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Rating:ICI Caught in Web of Politics Not Rated 5.0 Email Routing List Email & Route  Print Print
Tuesday, February 25, 2003

ICI Caught in Web of Politics

by: Sean Hanna, Editor in Chief

Although it is not publicly saying so, the ICI appears to be bending to pressure from a leading Republican Congressman. Whether the fund industry's trade group is actually responding to pressure from the Hill is not clear, but sometimes in Washington perception is as important as reality.

The ICI now confirms that it has retained Korn Ferry, an executive recruitment firm, to find a new lobbyist. It also contends that the search started months ago. So why is that important?

The brewing saga started earlier this month House Financial Services Committee chairman Michael Oxley (R-Ohio) reportedly sent Robert Foster, director of his staff, to carry an offer to the ICI that it could not refuse. Foster told the ICI that it needed to replace its top lobbyist Julie Domenick with a Republican, according to the Washington Post. If it did so, Foster promised that Oxley's upcoming look into the fund industry might go more smoothly for the industry, again according to the paper. Domenick is, of course, a Democrat. She is also a 20-year veteran of the ICI.

Dow Jones published a second and less sinister version of the story. That report states that the message was actually delivered to the ICI by a junior staffer at a holiday party. That report also carried a denial from Oxley's office that any pressure is being brought to bear. Peggy A. Peterson, Oxley's spokesperson is quoted by Dow Jones as saying, "The rumors of some quid pro quo are exactly that -- rumors. The story is groundless."

Groundless or not, executives in the fund industry have been baffled by the controversy. The ICI has long been a non-partisan organization and its operations are likely to be little effected by the party membership of its lobbyists. That misses the point, though.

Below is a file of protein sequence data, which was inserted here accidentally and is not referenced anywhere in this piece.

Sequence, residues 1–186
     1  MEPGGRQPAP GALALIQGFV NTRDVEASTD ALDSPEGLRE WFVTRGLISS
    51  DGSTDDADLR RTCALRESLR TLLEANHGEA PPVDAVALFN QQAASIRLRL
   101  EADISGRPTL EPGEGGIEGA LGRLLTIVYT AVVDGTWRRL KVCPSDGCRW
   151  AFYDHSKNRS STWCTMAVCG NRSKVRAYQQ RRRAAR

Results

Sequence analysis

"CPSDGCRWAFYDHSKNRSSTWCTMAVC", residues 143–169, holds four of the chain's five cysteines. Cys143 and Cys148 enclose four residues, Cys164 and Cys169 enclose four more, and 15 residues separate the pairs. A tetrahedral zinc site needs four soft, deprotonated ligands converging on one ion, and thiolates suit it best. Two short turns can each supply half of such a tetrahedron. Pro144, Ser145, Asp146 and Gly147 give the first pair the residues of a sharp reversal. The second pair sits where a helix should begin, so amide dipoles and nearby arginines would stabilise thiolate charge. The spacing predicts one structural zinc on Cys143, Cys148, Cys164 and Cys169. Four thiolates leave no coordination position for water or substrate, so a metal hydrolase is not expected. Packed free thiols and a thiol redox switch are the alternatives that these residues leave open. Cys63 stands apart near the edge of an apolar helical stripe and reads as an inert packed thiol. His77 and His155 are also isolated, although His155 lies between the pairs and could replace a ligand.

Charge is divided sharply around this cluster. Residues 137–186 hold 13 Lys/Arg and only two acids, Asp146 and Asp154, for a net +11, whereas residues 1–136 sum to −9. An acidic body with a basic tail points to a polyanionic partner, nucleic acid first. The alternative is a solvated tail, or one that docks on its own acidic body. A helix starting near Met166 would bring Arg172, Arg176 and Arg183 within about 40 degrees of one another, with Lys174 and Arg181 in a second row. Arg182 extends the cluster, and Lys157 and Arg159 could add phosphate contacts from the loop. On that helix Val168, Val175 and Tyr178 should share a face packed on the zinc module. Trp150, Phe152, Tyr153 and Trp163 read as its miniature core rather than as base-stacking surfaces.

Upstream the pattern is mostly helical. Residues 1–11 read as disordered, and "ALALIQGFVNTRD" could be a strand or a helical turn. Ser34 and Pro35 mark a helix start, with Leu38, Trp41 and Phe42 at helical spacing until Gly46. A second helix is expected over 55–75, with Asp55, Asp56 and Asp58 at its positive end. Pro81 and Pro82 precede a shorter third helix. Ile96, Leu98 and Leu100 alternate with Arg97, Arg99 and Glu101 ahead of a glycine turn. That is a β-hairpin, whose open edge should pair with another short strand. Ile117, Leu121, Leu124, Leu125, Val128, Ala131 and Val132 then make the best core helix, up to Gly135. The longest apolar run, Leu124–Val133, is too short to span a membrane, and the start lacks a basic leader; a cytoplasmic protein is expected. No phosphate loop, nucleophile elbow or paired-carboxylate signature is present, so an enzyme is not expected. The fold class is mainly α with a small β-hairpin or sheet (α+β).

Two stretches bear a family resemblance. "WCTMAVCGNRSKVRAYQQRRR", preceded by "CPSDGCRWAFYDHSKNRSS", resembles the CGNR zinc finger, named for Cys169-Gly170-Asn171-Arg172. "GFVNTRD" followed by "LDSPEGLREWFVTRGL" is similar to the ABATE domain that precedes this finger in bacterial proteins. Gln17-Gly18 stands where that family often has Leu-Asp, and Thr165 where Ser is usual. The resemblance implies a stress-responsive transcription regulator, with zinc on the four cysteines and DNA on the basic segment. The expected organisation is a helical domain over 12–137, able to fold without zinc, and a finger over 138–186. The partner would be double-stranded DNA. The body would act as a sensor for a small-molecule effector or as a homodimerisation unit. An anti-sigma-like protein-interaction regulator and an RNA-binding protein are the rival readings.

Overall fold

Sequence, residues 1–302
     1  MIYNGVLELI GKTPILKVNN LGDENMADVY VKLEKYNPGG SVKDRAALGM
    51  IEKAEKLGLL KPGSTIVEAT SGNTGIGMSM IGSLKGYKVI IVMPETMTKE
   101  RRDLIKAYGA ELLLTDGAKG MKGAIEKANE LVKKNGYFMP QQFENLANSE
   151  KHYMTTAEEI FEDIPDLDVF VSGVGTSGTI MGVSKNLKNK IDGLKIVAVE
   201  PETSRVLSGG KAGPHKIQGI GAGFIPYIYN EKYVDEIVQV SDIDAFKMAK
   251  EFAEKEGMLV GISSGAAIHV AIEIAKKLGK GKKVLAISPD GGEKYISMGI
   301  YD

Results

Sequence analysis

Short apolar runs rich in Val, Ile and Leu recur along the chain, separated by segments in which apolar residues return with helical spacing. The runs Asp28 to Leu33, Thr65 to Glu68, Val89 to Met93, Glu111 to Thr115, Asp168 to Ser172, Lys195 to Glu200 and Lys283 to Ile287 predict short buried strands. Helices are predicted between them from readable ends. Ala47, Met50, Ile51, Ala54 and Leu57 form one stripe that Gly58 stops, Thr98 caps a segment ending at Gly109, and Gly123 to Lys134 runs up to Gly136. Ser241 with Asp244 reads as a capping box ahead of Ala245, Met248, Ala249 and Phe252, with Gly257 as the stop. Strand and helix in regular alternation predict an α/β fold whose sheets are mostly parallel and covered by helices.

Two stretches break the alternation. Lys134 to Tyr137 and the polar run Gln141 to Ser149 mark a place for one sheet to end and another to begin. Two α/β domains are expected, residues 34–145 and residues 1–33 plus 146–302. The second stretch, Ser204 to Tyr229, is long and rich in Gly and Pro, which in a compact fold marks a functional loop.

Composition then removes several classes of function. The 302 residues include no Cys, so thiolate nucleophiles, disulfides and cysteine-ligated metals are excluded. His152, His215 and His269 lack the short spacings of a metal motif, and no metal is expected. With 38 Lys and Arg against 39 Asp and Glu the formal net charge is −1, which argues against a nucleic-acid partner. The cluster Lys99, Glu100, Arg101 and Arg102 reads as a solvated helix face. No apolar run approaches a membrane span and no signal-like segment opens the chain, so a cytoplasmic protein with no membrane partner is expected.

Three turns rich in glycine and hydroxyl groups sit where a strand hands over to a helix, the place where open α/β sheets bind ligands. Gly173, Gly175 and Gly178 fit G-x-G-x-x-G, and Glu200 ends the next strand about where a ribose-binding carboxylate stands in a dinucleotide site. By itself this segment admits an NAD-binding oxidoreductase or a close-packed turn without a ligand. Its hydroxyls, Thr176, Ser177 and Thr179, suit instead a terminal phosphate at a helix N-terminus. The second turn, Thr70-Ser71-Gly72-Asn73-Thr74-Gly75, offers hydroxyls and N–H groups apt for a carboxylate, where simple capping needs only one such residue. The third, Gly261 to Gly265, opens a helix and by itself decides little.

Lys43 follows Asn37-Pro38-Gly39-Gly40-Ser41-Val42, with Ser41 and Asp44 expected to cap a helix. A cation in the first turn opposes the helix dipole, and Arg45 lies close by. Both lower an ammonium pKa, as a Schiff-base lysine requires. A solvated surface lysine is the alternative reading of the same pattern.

After taking control of both Houses of Congress in January, the elected on Capital Hill are seeking ways to reward those that helped them. One way is for them to arrange sinecures at lobbying groups. To be used in this way at a time when its credibility is under attack is the last thing the fund industry needs.

The Republicans started to eye trade groups as both a source of contributions and plum assignments as far back as in 1998 when they established the "K Street Project." That project was put together with the help of Grover Norquist, president of Americans for Tax Reform. The idea was to bring pressure on trade associations to hire more Republicans and up their contributions to the GOP. The Project believes that many trade groups are run be "aging, left-wing Democrats," according to the paper. Norquist told Dow Jones that he expects the new ICI hire to be a Republican.

The ICI's explained that its decision to retain Korn Ferry came after it decided to add a fifth full-time lobbyist to its staff. The ICI has also not commented publicly on the reports of Foster's alleged meeting with the ICI staff.

The ICI also hinted that Domenick's job is safe. The new hire will report to Domenick and ICI President Matthew Fink.

Let's hope that the new position, whether or not it was created in response to Congressional pressure, is awarded on the merits and not as a political spoil. 

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